At this point Gavin began transitioning to television roles, but he let out his frustrations over his film career in an interview with Hedda Hopper: “When I walked through the gate, Universal quit building actors. All of a sudden I was doing leading roles. I knew I was a tyro but they told me to shut up and act. Some of those early roles were unactable. Even Laurence Olivier couldn’t have done anything with them. The dialog ran to cardboard passages such as ‘I love you. You can rely on me darling. I’ll wait.’ It was all I could do to keep from adding, ‘with egg on my face’ … There was no studio system to let me work my way up through small roles. When I got up on my hind legs, no one would believe it.”

He starred in ABC’s single-season Western “Destry” in 1964; in NBC’s single-season WWII drama “Convoy” in 1965; and guested on shows ranging from “The Doris Day Show” to “Mannix.”

In the late ’60s he returned to film work, starring in Carlos Velo’s Spanish-language art film “Pedro Paramo,” based on the novel that Susan Sontag called “one of the masterpieces of 20th-century world literature.” Also in 1967 he had a supporting role in the Julie Andrews musical “Thoroughly Modern Millie.” The following year he starred in Italian-French spy thriller “OSS 117 — Double Agent,” and Gavin had a supporting role in “The Madwoman of Chaillot” (1969), starring Katharine Hepburn.

After the departure of George Lazenby, Gavin was signed to play James Bond in the 1971 film “Diamonds Are Forever,” but United Artists ultimately decided to make an offer that Sean Connery couldn’t refuse, and he returned to play 007. Gavin’s contract was nevertheless honored in full.

He continued doing TV guest appearances until 1981.

John Anthony Golenor was born in Los Angeles, a fifth-generation Angeleno on his father’s side, descended from early Spanish land owners in colonial California; his mother was a Mexican-born aristocrat. His father, however, changed the family surname to Gavin.

He graduated from Stanford University with a B.A. in economics and Latin American affairs, completing senior honors work in Latin American economic history; Gavin later said that while in college he had no interest in acting whatsoever. He told the Washington Post in 1960 that despite the history of his family on both sides, he was not rich and in fact had attended Stanford on scholarship.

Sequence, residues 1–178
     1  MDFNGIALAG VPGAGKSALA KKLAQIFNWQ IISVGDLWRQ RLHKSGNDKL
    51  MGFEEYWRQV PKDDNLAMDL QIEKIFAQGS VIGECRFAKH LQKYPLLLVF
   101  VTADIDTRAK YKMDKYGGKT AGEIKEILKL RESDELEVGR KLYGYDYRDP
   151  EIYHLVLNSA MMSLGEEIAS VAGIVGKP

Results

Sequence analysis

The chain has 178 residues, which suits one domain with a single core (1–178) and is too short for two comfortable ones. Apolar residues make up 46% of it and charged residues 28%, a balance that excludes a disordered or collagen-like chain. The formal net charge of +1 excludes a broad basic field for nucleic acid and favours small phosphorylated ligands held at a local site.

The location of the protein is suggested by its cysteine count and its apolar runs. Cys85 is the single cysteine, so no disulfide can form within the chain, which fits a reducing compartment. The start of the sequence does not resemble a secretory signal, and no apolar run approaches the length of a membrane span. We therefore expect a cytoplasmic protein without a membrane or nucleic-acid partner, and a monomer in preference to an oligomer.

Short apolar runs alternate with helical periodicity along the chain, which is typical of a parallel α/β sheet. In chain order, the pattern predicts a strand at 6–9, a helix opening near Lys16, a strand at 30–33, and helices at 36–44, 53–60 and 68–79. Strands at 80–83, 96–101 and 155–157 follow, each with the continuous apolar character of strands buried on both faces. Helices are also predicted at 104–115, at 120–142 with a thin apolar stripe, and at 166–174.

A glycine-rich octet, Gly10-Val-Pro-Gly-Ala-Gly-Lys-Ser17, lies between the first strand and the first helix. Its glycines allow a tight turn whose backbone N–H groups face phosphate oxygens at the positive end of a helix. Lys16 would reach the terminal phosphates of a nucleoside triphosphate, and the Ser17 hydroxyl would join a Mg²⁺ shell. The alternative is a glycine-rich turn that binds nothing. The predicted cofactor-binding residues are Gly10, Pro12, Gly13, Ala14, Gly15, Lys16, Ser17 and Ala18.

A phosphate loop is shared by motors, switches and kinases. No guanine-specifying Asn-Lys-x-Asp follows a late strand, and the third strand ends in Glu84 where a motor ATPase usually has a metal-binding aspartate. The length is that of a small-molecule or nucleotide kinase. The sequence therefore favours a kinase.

With the onset of the Korean War, Gavin was commissioned in the Navy, serving aboard the USS Princeton off Korea as an air intelligence officer from 1951 until the war’s end in 1953. Because of his fluency in Spanish and Portuguese, Gavin was assigned as flag lieutenant to Admiral Milton E. Miles until he completed his four-year tour of duty in 1955.

Gavin entered into an acting career in a roundabout way. Family friend Bryan Foy was making a movie about the aircraft carrier on which he’d served, and Gavin offered to serve as a technical adviser, but Foy instead arranged for Gavin to have a screen test at Universal. Gavin was reluctant, but his father urged him on. After a successful test, the studio signed Gavin to a contract; he later told the Los Angeles Times that “they offered me so much money I couldn’t resist.”

He made his debut in the 1956 Western “Raw Edge,” billed as John Gilmore; on his next film, crime drama “Behind the High Wall,” he was billed as John Golenor. The young actor was finally billed as John Gavin on this third film, “Four Girls in Town.” The Western “Quantez” was a step up, as it starred Fred MacMurray and Dorothy Malone.

With his role in Douglas Sirk’s 1958 film “A Time to Love and a Time to Die” Gavin began the period of a few years in which he had a high profile in Hollywood.

Gavin began serving on the board of the Screen Actors Guild in 1965. He served one term as third vice president, and two terms as first VP. He was president from 1971 to 1973. The SAG website says that while he was president, “He testified before the Federal Trade Commission on phony talent rackets; met with President Richard Nixon to present the problem of excessive television reruns; presented petitions to the federal government on issues of prime-time access rules, legislative assistance for American motion pictures (to combat runaway production), and film production by the government using non-professional actors.”

The Los Angeles Times characterized U.S. Ambassador Gavin as an “activist envoy to Mexico” who “won praise in many circles for his handling of such issues as trade and illegal drug dealing as well as for speaking out against anti-American sentiment. But his candor and meetings with critics of the ruling party prompted accusations by Mexicans of meddling in the country’s domestic affairs.”

In 1991, the Republican mulled a run for the Senate, but decided against it.

Gavin was twice married, the first time to Cicely Evans from 1957-65.

He is survived by his wife, actress Constance Towers, two children and two step-children.